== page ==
Later this week, the 20th World Cup begins, and millions of people around the world can’t wait. But the comedian John Oliver offered a timely reminder that behind the spectacle is FIFA, an organization that he calls “comically grotesque,” and “cartoonishly evil,” a body that he argues is extraordinarily corrupt, values profit over people, and is more of a burden than a boost to host countries.
In his HBO news recap show ”Last Week Tonight,” Oliver describes the World Cup as a perfect example of the “sausage principle”—that if you love something, you should never look closely at how it’s made:
Brazil, possibly the most soccer-obsessed country in the world, is seeing its citizens protest FIFA, and with good reason. Oliver cites news reports saying that the country spent more than $11 billion getting ready, and built a new $270-million stadium in Manaus, a city so remote that parts had to be shipped in through the Amazon, that will be used for just four games. There’s no team nearby that can come remotely close to filling the stadium afterwards, making it what Oliver calls “the world’s most expensive bird toilet” after this summer.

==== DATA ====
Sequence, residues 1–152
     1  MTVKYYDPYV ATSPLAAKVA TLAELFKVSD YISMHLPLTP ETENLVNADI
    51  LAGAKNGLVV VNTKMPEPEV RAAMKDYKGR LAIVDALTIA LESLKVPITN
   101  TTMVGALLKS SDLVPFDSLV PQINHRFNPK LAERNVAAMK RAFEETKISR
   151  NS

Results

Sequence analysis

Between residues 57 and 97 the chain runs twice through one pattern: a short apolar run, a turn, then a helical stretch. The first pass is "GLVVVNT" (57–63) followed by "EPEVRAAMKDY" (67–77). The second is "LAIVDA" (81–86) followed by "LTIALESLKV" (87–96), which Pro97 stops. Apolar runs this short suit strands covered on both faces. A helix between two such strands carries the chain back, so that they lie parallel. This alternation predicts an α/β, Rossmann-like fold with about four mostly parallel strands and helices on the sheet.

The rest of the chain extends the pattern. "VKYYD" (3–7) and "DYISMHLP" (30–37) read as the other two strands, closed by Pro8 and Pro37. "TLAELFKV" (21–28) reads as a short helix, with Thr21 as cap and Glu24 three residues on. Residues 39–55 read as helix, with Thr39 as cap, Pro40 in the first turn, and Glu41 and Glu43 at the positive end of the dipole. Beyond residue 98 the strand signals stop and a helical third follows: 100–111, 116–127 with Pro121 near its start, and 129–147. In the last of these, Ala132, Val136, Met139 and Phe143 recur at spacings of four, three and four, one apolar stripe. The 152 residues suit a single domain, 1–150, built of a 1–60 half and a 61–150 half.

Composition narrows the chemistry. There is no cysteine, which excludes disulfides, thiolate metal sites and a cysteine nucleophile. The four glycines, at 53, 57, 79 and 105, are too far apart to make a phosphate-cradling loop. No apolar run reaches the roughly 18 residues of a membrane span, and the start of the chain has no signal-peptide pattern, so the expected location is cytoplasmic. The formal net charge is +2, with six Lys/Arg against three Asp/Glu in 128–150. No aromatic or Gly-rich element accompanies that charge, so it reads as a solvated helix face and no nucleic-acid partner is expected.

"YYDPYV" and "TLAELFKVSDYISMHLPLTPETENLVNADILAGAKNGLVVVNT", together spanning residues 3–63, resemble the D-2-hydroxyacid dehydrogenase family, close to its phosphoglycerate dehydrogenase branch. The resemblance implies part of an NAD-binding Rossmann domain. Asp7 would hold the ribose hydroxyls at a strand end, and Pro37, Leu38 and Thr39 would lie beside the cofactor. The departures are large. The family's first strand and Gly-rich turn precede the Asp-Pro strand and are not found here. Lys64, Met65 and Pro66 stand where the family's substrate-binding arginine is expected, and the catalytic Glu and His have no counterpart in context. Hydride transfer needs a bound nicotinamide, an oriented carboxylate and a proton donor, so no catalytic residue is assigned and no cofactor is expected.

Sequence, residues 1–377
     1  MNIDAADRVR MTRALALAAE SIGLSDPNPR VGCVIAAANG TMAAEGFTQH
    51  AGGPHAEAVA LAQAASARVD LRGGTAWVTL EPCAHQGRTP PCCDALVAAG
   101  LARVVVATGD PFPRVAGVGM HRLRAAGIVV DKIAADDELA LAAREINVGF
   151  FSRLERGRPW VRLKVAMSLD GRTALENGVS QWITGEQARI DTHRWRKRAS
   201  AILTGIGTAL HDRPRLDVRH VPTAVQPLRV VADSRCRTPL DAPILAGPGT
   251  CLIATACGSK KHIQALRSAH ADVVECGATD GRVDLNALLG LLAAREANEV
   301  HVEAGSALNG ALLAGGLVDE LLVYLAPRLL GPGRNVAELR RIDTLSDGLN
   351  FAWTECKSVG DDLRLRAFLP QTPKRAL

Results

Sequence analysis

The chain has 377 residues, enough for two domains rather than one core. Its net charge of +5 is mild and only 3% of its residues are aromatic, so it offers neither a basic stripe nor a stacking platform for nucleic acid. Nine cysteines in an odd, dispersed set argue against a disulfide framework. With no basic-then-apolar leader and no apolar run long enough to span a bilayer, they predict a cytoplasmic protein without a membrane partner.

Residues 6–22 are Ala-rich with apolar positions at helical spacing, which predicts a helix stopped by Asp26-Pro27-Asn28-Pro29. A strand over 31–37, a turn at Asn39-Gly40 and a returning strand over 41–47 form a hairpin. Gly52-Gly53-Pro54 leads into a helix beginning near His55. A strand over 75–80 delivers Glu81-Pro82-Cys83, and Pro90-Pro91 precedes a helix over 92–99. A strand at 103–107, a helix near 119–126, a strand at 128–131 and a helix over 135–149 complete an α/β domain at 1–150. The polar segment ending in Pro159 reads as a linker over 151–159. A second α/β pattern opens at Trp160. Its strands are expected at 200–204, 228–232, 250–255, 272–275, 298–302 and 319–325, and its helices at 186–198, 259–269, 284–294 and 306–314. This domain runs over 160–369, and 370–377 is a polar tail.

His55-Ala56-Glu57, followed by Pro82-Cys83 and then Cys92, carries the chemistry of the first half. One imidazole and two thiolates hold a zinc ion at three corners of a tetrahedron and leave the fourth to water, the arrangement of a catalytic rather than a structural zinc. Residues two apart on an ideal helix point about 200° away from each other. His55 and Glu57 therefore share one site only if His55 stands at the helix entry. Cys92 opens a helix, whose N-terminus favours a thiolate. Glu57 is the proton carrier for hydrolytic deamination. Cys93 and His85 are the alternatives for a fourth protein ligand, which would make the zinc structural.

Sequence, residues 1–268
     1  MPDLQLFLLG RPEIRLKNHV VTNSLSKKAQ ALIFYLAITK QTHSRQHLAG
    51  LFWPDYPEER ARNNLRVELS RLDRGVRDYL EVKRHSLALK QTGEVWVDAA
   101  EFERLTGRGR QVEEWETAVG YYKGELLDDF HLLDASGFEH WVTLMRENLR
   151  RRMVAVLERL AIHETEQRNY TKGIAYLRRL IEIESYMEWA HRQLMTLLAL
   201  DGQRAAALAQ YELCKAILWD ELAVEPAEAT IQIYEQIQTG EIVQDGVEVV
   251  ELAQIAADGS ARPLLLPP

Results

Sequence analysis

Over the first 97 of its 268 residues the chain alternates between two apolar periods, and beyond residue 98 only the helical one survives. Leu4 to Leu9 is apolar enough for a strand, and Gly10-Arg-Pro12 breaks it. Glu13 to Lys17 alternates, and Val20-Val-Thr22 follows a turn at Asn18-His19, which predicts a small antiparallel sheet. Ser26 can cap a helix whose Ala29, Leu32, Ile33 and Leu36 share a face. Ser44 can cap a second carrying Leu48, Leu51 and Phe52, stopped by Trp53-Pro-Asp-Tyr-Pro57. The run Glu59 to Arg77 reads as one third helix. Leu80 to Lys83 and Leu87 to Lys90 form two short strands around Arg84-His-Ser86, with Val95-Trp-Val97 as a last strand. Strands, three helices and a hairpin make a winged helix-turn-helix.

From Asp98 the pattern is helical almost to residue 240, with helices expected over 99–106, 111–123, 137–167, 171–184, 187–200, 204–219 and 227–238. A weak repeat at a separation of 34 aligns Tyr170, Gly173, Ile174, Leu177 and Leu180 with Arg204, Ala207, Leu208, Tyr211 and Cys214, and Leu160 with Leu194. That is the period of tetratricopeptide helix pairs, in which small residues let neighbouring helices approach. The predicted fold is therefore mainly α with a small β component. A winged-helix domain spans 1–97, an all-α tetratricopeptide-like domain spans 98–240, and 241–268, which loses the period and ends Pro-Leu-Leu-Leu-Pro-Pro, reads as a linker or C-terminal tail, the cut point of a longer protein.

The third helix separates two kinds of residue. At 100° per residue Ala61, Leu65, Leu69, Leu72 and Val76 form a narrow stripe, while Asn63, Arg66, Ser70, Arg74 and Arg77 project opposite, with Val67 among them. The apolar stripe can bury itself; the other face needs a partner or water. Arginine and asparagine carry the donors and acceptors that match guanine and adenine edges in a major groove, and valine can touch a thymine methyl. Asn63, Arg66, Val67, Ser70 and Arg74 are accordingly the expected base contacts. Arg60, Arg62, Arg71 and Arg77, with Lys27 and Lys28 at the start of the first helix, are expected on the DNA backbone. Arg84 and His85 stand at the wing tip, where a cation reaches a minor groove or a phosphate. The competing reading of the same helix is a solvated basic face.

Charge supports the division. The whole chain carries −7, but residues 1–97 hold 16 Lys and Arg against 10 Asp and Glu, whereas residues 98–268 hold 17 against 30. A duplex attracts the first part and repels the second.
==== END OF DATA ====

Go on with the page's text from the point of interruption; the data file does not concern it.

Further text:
The country was pressured into selling beer at stadiums after banning it years ago due to an appalling rate of fan deaths, because Budweiser is a major FIFA sponsor. And the next World Cup will be in Qatar, possibly due to bribery, even though the country may be physically too hot in summer to play games outdoors. Some have predicted that thousands of migrant workers, who can’t leave the country without their employers permission and work in conditions that some have likened to slavery, are likely to die during construction.
Oliver also points out that the organization’s board room (visible 7 minutes and 30 seconds into the video) looks suspiciously like the war room in the Stanley Kubrick movie Dr. Strangelove.
At the end of the day, however, Oliver admits that he is hugely excited for the World Cup.
“It’s an organized religion and FIFA is its church,” Oliver says. “Just think about it. Its leader is infallible. It compels South American countries to spend money they don’t have building opulent cathedrals, and it may ultimately be responsible for the deaths of shocking numbers of people in the Middle East. But to millions of people like me, it is the guardian of the only thing in their lives that gives them meaning.”